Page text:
Not Just Nostalgia

The Fabric Worn by British WWII Spitfire Pilots Is Revived

September 27, 2017 Sports and Outdoors By

Before three-layer jackets and Gore-Tex membranes existed, jackets were made “the old-fashioned way” — with cotton. And while some things are better left in the past (hammer pants), others are just as suited to the tasks of the day as they were 40 years ago. Ventile is one of those things — it’s a high-density fabric made from 100 percent extra-long-staple cotton. Most in the outdoors space would have you think that “cotton is rotten,” and though that’s still true much of the time, Ventile is both waterproof and breathable.

Ventile’s first application was in the immersion suits worn by British fighter pilots during WWII. Sir Edmund Hillary wore a Ventile jacket during the first-ever ascent of Mount Everest. The British Royal Air Force still uses it today. Now, the UK’s Jago Jackets is using Ventile in a jacket as suitable for arctic exploration as it is for jungle bushwhacking.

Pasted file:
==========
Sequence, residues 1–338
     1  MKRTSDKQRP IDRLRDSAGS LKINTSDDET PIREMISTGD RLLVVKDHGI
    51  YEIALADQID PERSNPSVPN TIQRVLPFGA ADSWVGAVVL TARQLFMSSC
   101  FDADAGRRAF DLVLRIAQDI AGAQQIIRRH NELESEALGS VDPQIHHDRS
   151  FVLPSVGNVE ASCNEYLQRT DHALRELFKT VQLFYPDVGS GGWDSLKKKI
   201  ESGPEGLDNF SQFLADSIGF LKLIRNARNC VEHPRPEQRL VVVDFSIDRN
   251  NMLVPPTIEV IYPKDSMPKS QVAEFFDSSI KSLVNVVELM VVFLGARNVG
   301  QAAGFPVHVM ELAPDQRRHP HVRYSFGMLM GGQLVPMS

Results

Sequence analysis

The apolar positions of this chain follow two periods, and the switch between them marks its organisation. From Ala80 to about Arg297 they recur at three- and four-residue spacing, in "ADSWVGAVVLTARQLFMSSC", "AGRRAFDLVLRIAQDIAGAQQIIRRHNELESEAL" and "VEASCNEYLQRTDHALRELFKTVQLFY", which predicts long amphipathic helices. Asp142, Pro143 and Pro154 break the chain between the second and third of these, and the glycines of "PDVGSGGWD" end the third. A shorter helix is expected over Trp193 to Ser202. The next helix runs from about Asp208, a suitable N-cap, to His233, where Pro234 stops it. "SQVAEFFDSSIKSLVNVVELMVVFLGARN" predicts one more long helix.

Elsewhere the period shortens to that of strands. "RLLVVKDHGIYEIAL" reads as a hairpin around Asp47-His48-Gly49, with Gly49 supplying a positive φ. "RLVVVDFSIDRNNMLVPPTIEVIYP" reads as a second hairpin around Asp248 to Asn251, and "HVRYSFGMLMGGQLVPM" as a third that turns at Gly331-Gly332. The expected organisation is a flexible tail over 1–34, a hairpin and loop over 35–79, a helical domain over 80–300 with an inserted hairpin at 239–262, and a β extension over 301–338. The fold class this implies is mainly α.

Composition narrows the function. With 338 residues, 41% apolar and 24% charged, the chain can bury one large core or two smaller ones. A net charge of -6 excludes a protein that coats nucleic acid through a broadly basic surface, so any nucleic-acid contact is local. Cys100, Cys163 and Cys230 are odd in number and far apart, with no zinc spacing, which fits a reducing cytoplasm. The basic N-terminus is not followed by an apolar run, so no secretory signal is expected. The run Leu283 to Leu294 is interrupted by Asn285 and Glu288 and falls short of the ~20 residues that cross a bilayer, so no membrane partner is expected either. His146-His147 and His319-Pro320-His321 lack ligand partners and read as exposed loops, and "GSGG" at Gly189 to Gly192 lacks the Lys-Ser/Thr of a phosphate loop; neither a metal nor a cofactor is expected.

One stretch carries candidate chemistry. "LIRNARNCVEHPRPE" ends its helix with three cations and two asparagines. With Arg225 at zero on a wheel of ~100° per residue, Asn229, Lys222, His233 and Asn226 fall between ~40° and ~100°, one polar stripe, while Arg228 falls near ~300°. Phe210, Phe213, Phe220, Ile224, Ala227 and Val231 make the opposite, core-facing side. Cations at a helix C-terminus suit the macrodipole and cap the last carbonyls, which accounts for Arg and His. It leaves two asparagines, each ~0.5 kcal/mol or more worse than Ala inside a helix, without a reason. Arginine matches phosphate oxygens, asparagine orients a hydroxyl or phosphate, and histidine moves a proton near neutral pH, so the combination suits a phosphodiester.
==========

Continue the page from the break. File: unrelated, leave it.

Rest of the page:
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Tanner Bowden is a staff writer at Gear Patrol covering all things outdoors and fitness. He is a graduate of the National Outdoor Leadership School and a former wilderness educator. He lives in Brooklyn but will always identify as a Vermonter.

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